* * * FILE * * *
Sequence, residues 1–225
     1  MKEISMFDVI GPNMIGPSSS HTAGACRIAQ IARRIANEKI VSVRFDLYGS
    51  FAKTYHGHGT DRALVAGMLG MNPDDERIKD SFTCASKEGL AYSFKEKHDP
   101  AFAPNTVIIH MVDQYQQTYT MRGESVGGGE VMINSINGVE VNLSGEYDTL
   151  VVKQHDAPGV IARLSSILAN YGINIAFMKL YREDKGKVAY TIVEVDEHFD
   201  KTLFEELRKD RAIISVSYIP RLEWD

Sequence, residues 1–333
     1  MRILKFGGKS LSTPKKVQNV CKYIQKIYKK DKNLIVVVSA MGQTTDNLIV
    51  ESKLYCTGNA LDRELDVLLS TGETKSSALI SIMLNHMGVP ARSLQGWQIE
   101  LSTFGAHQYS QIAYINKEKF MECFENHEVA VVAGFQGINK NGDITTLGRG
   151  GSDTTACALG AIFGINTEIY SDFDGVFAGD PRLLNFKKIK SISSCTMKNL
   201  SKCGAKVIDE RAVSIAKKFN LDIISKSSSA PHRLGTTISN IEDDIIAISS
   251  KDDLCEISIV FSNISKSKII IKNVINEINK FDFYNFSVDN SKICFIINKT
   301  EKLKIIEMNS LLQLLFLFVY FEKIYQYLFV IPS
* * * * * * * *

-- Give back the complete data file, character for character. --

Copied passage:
Sequence, residues 1–225
     1  MKEISMFDVI GPNMIGPSSS HTAGACRIAQ IARRIANEKI VSVRFDLYGS
    51  FAKTYHGHGT DRALVAGMLG MNPDDERIKD SFTCASKEGL AYSFKEKHDP
   101  AFAPNTVIIH MVDQYQQTYT MRGESVGGGE VMINSINGVE VNLSGEYDTL
   151  VVKQHDAPGV IARLSSILAN YGINIAFMKL YREDKGKVAY TIVEVDEHFD
   201  KTLFEELRKD RAIISVSYIP RLEWD

Sequence, residues 1–333
     1  MRILKFGGKS LSTPKKVQNV CKYIQKIYKK DKNLIVVVSA MGQTTDNLIV
    51  ESKLYCTGNA LDRELDVLLS TGETKSSALI SIMLNHMGVP ARSLQGWQIE
   101  LSTFGAHQYS QIAYINKEKF MECFENHEVA VVAGFQGINK NGDITTLGRG
   151  GSDTTACALG AIFGINTEIY SDFDGVFAGD PRLLNFKKIK SISSCTMKNL
   201  SKCGAKVIDE RAVSIAKKFN LDIISKSSSA PHRLGTTISN IEDDIIAISS
   251  KDDLCEISIV FSNISKSKII IKNVINEINK FDFYNFSVDN SKICFIINKT
   301  EKLKIIEMNS LLQLLFLFVY FEKIYQYLFV IPS